We addressed this problem in 2010 and while we can say we’ve had the same nightmares, we can also unfortunately say we’ve seen it start to happen outside of the dream world. We wrote about this issue a while back when Republican campaigns used SMS spamming to suppress votes in the 2010 election. After buying and illegally uploading mobile phone numbers to their own list, Republican campaigns sent out SMS spam messages through emailing the phone numbers by Simple Mail Transfer Protocol (SMTP). This completely bypassed the legal measure of consumers opting-in to a mobile list they want to receive information from and whether they wanted it or not, their phones were inundated with messages.

Johnson continues with a detailed look into his nightmares, which are too close to reality for comfort:

“My nightmares always start with the consumer. I see consumer after consumer grow frustrated with the concept of ‘SMS marketing.’ I watch as their phones beep every few minutes signaling the arrival of another unwanted SMS advertisement. Parents take their mobile phones into the stores requesting SMS be removed as a feature, while children become immune to the flood of SMS spam, just as in present day I’ve become immune to email SPAM. What hurts me the most is that I hear business owners joke to their cohorts that it’s now referred to as ‘SMS spamming’, not ‘SMS marketing’.”

You can read more about Johnson’s nightmare here, but we must listen to his plea for SMS providers to come together:

“So to answer the question, ‘who’s killing SMS marketing?,’ it’s unfortunately the same people that are trying to promote it, the SMS providers. This piece is more of a call to action, than it is a blog post. Starting today, I’m calling for all SMS providers to band together and put a stop to this self-destructive practice. If we don’t act now, my nightmares will soon become our harsh reality.”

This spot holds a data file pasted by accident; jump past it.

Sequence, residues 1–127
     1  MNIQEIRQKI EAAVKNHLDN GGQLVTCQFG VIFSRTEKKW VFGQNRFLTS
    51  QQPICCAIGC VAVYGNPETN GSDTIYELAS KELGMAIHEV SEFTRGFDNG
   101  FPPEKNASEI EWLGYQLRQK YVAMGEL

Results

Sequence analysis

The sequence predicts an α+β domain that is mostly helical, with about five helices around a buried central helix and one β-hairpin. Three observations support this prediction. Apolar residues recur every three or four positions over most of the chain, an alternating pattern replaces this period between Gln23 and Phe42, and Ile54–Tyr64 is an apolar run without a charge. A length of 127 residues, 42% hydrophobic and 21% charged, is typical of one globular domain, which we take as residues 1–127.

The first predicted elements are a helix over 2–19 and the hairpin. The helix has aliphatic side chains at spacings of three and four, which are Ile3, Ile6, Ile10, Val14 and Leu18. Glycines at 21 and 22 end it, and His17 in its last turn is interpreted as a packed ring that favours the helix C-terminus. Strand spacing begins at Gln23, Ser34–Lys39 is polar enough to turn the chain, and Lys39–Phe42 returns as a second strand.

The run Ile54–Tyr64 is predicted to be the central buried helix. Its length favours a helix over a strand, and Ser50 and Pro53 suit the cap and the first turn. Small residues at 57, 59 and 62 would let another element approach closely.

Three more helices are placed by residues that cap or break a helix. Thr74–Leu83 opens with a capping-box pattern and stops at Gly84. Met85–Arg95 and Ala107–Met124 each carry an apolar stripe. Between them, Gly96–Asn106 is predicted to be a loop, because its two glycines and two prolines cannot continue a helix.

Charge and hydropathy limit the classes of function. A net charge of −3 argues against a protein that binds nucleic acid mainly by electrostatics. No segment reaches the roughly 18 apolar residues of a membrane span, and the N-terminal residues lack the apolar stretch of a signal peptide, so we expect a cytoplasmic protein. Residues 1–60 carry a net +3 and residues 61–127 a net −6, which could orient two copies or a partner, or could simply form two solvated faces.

We would like to make the same ask. This is not a competition and we must work together to meet Derek Johnson’s call to action.


We Need A New SMS Pricing Structure

The United States is the last country in the world to charge for both outgoing and incoming text messages. Not only do we charge for MOs and MTs (Mobile Originated and Terminated) with SMS messaging, but the rates are much too high. With no competition, the carriers have no reason to stop charging for an inbound text message or lower the cost. Along with this issue, international messaging and MMS costs are currently unbearable.

But there may be a new threat to the carriers in town – Apple’s new iMessage system. According to Apple, there are over 200 million iOS devices owned, creating a large pool of people that now have access to free messaging. Users of iOS 5 will now have the ability to send messages, pictures and videos for free, with no delay, from iPhone to iPhone. Lookout SMS, there’s a new player in town.

Now, we’re not saying that iMessages will end SMS messaging – as we saw with Blackberry and its Blackberry Messenger application, this type of system can’t single handedly stop SMS. However, there is the potential that everyone will at one point agree that one system is better than another – if we all go out and purchase iPhones or Blackberrys – and then SMS wouldn’t be necessary for any messaging across platforms. But when has everyone agreed on one thing? There will always be someone who prefers Blackberry to the iPhone or the iPhone to the Android, etc. And because of that, we will always need SMS to organize people across multiple platforms.

Nonetheless, this is a new chance for carriers to loosen their grip on these high priced SMS fees. With the ability for people to send free messages, carriers should look into creating more unlimited messaging packages or change their fees to only charging for outbound texts.

We can also factor in the costs of SMS internationally – a fee that is unfortunately through the roof. However, there is competition there as well with apps such as “What’s App,” “Ping!,” and “Skype Mobile” – both allow you to message people internationally for free.

SMS won’t die and it will always be needed. Similar to when the movie industry said that TV would kill film and that never happened, film just needed to evolve. And that is what SMS must do as well.  It will always be necessary to communicate with people on separate platforms with SMS, but iMessages, along with BBM and any other device-to-device application (is Android next?) or free messaging app, will hopefully be the push toward lower SMS fees and the competition we’ve been waiting for to create a fair system for the consumer.